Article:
The simple answer is hugely effective campaigns of misinformation supported by organizations such as Polaris.

... But corporations have also funded their ENGO persecutors by buying them off as “consultants” and kowtowing to a business model analogous to that of the Acme Window Smashing and Glazing company: create environmental hysteria, then offer your services on how to deal with hysteria. [Where "dealing with hysteria" means creating more of it and further abusing corporations who (stupidly) cough up even more funding].

Nexen and Progress sales approved.

Harper government approves foreign takeover bids:
... the Harper government declared Friday in approving CNOOC’s $15.1-billion takeover of Nexen, while warning that state-owned enterprise takeovers of oilsands companies will only be permitted on “an exceptional basis only.”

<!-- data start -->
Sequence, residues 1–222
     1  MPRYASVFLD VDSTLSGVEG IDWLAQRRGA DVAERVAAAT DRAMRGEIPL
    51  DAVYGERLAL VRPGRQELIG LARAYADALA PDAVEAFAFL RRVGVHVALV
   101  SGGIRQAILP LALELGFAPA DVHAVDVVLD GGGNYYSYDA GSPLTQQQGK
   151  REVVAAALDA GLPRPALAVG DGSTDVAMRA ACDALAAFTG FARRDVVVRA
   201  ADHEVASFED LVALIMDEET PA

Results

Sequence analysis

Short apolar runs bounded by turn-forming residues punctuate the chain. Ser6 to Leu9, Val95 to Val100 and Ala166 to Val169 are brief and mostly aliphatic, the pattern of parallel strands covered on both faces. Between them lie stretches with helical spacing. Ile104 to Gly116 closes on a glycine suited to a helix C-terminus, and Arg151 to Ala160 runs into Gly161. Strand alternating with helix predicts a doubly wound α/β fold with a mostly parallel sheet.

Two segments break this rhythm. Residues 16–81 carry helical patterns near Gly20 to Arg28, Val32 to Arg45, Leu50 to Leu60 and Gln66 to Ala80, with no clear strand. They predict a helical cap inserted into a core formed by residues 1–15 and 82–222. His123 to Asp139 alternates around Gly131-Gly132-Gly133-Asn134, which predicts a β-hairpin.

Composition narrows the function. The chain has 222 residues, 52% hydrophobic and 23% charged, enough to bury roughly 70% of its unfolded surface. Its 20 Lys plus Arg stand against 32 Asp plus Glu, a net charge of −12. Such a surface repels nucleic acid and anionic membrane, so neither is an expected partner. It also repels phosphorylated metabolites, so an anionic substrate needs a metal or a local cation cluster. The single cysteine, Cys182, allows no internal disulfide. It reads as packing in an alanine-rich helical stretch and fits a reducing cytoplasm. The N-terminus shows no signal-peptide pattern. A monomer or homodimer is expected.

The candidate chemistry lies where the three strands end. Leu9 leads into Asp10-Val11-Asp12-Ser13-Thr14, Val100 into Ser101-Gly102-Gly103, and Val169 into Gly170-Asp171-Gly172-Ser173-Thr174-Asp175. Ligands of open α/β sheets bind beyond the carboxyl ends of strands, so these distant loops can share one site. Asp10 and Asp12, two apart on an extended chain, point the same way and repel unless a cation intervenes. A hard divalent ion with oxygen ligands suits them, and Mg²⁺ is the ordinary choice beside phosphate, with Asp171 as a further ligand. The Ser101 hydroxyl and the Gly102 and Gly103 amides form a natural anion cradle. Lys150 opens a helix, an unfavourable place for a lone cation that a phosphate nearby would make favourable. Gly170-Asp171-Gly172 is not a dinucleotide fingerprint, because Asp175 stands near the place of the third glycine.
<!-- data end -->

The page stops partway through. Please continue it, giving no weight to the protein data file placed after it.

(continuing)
... also approved a $6-billion takeover bid by Malaysian national energy company Petronas for Calgary-based natural gas producer Progress Energy Resources.
Terence Corcoran: Rocky road ahead for foreign investments in Canada

Monckton booted from Doha(haha) climate confab

From Christopher Monckton of Brenchley in Doha, Qatar
I have been a bad boy. At the U.N. climate conference in Doha, I addressed a plenary session of national negotiating delegates though only accredited as an observer.
... The microphone was just in front of me. All I had to do was press the button. I pressed it. ...
Quietly, politely, authoritatively, I told the delegates three inconvenient truths they would not hear from anyone else:

• There has been no global warming for 16 of the 18 years of these wearisome, self-congratulatory yadayadathons.

• It is at least ten times more cost-effective to see how much global warming happens and then adapt in a focused way to what little harm it may cause than to spend a single red cent futilely attempting to mitigate it today.

• An independent scientific enquiry should establish whether the U.N.’s climate conferences are still heading in the right direction.

As I delivered the last of my three points, there were keening shrieks of rage from the delegates. They had not heard any of this before. They could not believe it. Outrage! ...